Question #abc03

1 Answer
Jun 19, 2015

Answer:

Yes, #DeltaT# can be expressed in Kelvin.

Explanation:

#DeltaT# just means a change in temperature.

You calculate #DeltaT# by using the final temperature and the initial temperature of something. More specifically, you get #DeltaT# by subtracting the initial temperature from the final temperature.

#DeltaT = underbrace(T_f)_(color(blue)("final temp")) - underbrace(T_i)_(color(green)("initial temp"))#

This means that, if your two temperature are expressed in Kelvin, #DeltaT# will also be expressed in Kelvin. For example, if you have some water at #"293.15 K"# and you heat it to #"343.15 K"#, the change in temperature will be

#DeltaT = "343.15 K" - "243.15 K" = "50 K"#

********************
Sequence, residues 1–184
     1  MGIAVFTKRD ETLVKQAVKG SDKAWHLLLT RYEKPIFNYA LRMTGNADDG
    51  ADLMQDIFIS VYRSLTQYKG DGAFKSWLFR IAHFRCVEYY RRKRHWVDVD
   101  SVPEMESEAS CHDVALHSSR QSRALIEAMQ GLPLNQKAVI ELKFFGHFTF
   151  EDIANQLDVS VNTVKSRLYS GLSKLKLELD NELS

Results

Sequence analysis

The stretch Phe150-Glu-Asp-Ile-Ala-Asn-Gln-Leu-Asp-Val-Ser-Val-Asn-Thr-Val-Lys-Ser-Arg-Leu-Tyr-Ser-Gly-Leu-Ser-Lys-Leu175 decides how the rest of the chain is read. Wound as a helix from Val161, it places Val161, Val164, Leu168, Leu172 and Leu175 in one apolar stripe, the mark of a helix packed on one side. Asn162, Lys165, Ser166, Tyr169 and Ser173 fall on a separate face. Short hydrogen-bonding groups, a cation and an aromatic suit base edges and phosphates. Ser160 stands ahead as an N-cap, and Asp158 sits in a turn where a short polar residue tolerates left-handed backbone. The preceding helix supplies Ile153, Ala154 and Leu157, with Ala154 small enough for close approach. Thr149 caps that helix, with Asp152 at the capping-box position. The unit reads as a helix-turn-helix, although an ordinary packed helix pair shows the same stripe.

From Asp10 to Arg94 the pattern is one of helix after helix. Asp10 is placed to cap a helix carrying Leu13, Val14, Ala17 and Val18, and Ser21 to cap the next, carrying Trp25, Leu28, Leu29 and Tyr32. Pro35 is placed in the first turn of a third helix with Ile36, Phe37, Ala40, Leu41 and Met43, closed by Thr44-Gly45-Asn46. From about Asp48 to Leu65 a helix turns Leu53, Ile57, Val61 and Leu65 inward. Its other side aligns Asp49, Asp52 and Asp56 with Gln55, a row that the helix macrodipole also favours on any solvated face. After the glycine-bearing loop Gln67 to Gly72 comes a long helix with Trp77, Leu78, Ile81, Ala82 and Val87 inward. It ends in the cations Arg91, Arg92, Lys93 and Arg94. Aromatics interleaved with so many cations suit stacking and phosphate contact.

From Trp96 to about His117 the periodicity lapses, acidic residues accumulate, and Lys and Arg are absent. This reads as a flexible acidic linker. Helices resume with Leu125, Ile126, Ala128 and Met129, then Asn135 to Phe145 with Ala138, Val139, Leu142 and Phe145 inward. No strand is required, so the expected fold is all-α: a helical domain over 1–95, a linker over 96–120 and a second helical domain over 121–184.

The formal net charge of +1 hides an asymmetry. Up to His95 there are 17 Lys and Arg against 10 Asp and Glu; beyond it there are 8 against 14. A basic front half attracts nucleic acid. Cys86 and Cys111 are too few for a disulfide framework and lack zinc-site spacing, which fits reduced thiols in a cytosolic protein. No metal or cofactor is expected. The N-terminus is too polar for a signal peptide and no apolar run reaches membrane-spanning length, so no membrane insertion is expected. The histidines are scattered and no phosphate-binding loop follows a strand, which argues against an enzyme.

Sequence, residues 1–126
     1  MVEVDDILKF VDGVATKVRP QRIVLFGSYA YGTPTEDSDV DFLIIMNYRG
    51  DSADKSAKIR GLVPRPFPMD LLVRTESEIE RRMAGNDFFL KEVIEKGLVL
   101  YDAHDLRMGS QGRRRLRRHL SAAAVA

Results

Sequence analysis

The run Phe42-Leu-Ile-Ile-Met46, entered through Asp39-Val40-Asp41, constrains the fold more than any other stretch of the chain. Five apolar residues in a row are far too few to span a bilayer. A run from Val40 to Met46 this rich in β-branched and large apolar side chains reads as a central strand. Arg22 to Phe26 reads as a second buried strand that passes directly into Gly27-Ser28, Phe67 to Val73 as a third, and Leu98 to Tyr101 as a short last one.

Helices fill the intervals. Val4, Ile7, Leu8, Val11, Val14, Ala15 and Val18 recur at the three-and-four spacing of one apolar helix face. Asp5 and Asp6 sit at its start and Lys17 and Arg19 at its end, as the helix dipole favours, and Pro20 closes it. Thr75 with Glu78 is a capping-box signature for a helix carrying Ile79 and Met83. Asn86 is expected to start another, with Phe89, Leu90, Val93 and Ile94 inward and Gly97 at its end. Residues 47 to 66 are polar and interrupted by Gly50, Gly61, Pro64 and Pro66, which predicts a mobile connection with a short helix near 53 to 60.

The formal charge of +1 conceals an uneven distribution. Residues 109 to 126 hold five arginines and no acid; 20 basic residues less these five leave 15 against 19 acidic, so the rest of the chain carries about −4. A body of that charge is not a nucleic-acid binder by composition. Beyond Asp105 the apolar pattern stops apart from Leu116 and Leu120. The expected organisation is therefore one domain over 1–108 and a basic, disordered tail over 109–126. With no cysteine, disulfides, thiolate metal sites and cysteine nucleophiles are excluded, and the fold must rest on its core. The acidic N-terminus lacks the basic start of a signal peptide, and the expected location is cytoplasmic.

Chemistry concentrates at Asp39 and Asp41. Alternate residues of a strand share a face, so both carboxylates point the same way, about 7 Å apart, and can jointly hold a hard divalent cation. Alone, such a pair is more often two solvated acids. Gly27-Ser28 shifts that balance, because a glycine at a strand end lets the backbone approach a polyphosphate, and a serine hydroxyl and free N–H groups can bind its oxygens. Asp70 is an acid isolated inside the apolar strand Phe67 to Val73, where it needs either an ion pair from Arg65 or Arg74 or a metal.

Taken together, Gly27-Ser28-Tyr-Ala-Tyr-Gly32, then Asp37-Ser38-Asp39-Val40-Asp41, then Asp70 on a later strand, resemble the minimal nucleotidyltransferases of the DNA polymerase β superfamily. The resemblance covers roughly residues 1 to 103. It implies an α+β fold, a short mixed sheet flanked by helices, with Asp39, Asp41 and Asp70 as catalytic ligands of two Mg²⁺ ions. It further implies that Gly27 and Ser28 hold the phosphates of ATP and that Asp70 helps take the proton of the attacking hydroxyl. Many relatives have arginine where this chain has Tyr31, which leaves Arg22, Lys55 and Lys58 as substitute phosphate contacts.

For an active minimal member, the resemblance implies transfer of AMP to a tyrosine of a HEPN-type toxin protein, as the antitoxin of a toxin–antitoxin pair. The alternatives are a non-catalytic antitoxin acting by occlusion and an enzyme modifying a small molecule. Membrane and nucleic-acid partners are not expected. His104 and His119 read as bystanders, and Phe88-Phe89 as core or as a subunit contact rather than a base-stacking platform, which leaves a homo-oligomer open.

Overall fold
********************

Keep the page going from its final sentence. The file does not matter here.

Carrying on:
The interesting thing to notice here is that #DeltaT# will have the same value if you give the two temperature in degrees Celsius. Remember, to convert from degrees Celsius to Kelvin, you need to add 273.15 to whatever value you have.

#T_"K" = T_(""^@"C") + 273.15 => T_(""^@"C") = T_"K" - 273.15#

This will make #DeltaT# equal to

#DeltaT = underbrace((343.15-273.15)""^@"C")_(color(blue)("final temp")) - overbrace((293.15-273.15)""^@"C")^(color(green)("initial temp"))#

#DeltaT = 70^@"C" - 20^@"C" = 50^@"C"#

So, regardless if you have the temperature expressed in degrees Celsius or in Kelvin, the change in temperature is the same for both temperature scales.

That happens because, by definition, one degree Celsius is equal to 1 Kelvin.

#1^@"C" = "1 K"#